It can be tempting to lump all the people who’ve spent more of their life with social media as one large group with largely the same interests and aims. Indeed, that is what you will find many marketing firms doing. The internet is rife with articles about how to market to millennials, how snapchat is the new social media platform of the millennial generation and how Instagram has overtaken Facebook.
To do so, however, would be wrong.
Because if you dig a little deeper, you’ll very quickly indeed find out that the millennials are far from the homogeneous group they’ve been made out to be. For example, ‘they’ most certainly don’t all use snapchat. In fact, an Ipsos study of 1000 millennials between the age of 20 and 35 found that more than half don’t have a snapchat account, 1 in 10 doesn’t have a Facebook account and 40% do not use Instagram.
Figure 1 Infographic is infographic by the Smart Paper Help writing service.
In effect, to market to Millennials is a little bit like marketing to women or black people. The category is just far too big and by using it you lump people together that are entirely different and have entirely different interests.
What’s more, by targeting categories this broad, there is almost no way that a person feels personally addressed by your marketing campaign. In other words, you’re not making use of one of the biggest trends in marketing that we’re currently seeing, and that is the personalization of products and websites.
In order to take advantage of that, you need to slice market segments far more thinly than the word ‘millennial’ ever could. Then you couldn’t just focus on millennials, or even millennial women, you would have to focus on millennial single mothers, for example.
What’s more, this is in many ways far easier to do, as studying the numbers in terms of smaller groups both makes it easier to find out what social media they’re using, as well as to find ways to appeal to those groups directly, by exploring topics that are immediately relevant to them. And that, in turn, will serve to significantly raise their interest and their engagement with your brand.
And besides, why wouldn’t you approach modern advertising in this way? Many social platforms allow you to thin slice who you approach and how you approach them to an amazing degree. For example, it is possible to target people in specific jobs, in specific areas, even people that work at a specific business.
This is immensely advantageous as it means you can tailor your message exactly for that group –giving them the feeling that you’re talking directly to them and giving them exactly what they might be looking for.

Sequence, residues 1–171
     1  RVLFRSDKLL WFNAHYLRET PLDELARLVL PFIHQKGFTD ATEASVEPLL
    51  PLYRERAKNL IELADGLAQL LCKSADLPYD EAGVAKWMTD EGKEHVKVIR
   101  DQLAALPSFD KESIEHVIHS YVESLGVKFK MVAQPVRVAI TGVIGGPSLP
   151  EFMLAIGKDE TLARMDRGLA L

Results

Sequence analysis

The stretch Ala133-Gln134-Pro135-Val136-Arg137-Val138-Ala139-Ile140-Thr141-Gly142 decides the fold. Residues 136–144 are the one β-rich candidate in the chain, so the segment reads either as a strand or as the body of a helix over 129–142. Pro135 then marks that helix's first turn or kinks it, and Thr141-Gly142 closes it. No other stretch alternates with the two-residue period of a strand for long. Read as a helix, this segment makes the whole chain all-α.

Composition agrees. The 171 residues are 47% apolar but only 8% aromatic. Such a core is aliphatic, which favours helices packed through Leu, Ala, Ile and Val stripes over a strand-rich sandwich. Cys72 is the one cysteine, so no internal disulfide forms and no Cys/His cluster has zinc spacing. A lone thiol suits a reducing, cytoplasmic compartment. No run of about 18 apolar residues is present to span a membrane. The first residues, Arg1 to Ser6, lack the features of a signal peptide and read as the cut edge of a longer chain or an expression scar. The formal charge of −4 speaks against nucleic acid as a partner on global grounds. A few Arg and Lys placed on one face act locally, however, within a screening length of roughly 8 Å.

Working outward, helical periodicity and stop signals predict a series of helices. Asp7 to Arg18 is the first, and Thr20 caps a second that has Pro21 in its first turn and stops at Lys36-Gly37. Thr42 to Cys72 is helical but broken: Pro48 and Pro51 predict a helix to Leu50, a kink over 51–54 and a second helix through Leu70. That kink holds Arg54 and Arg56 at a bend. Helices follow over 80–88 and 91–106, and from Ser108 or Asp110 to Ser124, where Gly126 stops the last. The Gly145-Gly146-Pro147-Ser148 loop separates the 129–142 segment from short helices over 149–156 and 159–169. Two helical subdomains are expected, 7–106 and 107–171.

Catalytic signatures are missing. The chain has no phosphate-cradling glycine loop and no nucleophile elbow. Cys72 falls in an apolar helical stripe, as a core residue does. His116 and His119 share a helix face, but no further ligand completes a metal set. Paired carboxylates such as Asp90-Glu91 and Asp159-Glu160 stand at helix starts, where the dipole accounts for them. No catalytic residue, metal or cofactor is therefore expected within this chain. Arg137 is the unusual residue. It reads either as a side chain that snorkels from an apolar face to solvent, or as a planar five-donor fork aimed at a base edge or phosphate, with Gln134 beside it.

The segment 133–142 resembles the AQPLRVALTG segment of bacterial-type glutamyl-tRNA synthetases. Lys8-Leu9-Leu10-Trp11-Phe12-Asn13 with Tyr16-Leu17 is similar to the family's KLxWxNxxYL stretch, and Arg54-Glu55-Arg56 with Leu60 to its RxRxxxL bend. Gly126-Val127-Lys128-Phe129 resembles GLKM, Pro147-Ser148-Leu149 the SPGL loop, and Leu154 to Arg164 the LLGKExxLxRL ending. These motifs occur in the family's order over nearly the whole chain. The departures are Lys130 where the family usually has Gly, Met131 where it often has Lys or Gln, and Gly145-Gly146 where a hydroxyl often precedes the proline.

What’s more, by thin-slicing who you address with your advertisements and posts, you’ll manage to tighten all the bolts on the leaky faucet, so that those people that won’t benefit from being exposed to your ad (because they will not be interested or will not be able to take advantage of what you’re offering) will not be exposed to your ad. This will make them happier and will mean that you’re spending far less money on people who you’re not interested in targeting.
At the same time, there is a growing body of evidence that people are less and less comfortable with the way that social media have encroached on their privacy. A reason survey by Nation under A-Hack revealed that when asked 55% of Millennials said they would stay away from Social Media if they could start afresh and that 75% were considering closing their accounts if the security breaches continued. And that’s not the only source that shows these kinds of trends, with other infographics about how millennials use social media showing similar trends.
This matters for you, in that it is vital that you do not make them feel as if you know too much about them, as – rather than them feeling that you’ve personally connected with them there’s a good chance that this will actually creep them out.
In other words, stay away from addressing them directly, letting them know that you’re aware where they live, or what other information you have about them. And just like with the older generations, it might be about time that we ask for permission before we start broadcasting information about what we know about individuals across our network.
The truth is, though the US has not yet caught up to the European Union in terms of privacy protection, with the way the mood is currently going, it will sooner or later start swinging in that same direction. When that happens, you want to make certain you’re on the right side of the fence.
So, personalize, and thin slice, but do not become too personable, as people still do not like the idea of business peeking into their living rooms.
About the author: